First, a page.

Perhaps what has changed is the nature of the fame for which people lust. We live in an age of instant (and ephemeral) celebrity—hence Andy Warhol's phrase, "In the future everybody will be world-famous for 15 minutes," is now better-known than the artist himself—whereas what most concerned Leonardo and his contemporaries was posthumous fame, or "immortal glory," as it was usually described.
Leonardo's notebooks are filled with phrases and quotations that attest to his desire to be remembered long after his death: "... why then do you not create works that after your death will make you seem alive?" he wrote.
Borgia was a man of actions, not of words. But the few he did write down (such as his motto: Aut Caesar aut nihil—"To be Caesar or to be nothing"), do not leave much room for doubt: He wanted power and he wanted fame, and he would have done anything to get them. The fact that he is remembered now, despite failing dismally as a conqueror—he died, aged 32, possessing no territories at all, in a minor skirmish in a small war in Spain—is almost entirely due to the ruthlessness he showed in his pursuit of power.
Of the three, however, it was the then unknown Machiavelli who wrote most eloquently of fame. In fact, in his Discourses on Livy (c. 1517), he even provided a formula for predicting who might be famous in, say, 500 years' time. The first rank of glory belonged to those "who have played the chief part in founding a religion." Next came those "who have founded either republics or kingdoms." At the end, he adds: "Some modicum of praise is also ascribed to any man who excels in some art ... and of these the number is legion." Not a sentiment likely to have pleased his friend Leonardo.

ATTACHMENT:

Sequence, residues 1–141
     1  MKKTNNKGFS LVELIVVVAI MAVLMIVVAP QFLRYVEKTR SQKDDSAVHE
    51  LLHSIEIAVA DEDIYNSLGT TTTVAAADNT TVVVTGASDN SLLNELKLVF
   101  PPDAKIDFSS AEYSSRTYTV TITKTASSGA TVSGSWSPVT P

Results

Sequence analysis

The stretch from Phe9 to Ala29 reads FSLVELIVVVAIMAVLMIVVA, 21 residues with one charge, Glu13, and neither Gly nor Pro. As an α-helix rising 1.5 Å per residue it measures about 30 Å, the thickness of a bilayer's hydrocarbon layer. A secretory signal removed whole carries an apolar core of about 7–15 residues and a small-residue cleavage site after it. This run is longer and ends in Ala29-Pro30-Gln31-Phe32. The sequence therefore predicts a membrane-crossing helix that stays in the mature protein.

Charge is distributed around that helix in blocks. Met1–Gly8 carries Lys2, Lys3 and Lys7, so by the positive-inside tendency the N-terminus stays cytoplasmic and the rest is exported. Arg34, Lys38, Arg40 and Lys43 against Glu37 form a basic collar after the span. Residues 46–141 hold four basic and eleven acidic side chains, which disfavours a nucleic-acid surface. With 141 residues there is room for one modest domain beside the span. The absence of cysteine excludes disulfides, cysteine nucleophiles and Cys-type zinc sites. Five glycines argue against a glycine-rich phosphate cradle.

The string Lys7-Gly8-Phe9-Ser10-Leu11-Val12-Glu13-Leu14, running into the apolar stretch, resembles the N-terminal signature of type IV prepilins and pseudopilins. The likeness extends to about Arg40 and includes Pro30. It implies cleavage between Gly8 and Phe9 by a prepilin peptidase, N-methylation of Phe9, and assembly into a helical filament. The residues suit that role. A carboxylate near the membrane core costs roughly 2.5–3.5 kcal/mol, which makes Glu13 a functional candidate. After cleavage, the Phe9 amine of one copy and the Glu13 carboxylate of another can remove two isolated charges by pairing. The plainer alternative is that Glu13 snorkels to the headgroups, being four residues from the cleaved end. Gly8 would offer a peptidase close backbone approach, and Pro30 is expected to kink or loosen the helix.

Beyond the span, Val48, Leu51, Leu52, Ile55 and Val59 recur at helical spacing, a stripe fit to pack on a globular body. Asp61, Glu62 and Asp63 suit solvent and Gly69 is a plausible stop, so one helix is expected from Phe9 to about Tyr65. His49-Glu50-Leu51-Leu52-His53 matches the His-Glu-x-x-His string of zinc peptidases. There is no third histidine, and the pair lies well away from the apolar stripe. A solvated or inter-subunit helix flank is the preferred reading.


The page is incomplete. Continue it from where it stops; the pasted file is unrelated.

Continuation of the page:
How useful are Machiavelli's categories as a way of predicting which few names, from our generation, will be celebrated (or reviled) in 2511? Well, possibly not very. The age of founding religions and empires is over. But with lateral thinking we could consider other kinds of religions and empires: business empires, for instance, or cults of ideology. The latter immediately brings to mind Osama Bin Laden, probably the only person alive today who is a dead certain to be remembered in 2511. Why? Because history suggests that mysterious outlaws can quickly become legends, and Bin Laden is already a legend in his own lifetime: loathed and feared by much of the world's population, and hero-worshipped by much of the rest.
In business, the pioneers of the Internet age should naturally be regarded as potential stars of the distant future. Mark Zuckerberg has already been portrayed in a Hollywood film and made his first billion, and he's not even 30. But while Facebook may become a global franchise that endures for centuries and changes the way we see the world, it might equally disappear and be forgotten within 50 years, never mind 500. And what of the brands created by Steve Jobs, Bill Gates, and Rupert Murdoch? Are they the new Coca-Cola or the new Tizer? And even then ... does anyone remember the name of the man who invented Coca-Cola? *
Those who founded kingdoms are in short supply, but what of those who rule? Barack Obama will always be the first black American president. But will this count for much in 500 years if he fails to achieve anything of note and is then followed by another black U.S. president who achieves a great deal? As for artists and those Machiavelli calls "men of letters," this category is particularly unpredictable because the fame of many artists, writers, and musicians increases after their death: For every Shakespeare and Leonardo, there are just as many Melvilles and Van Goghs.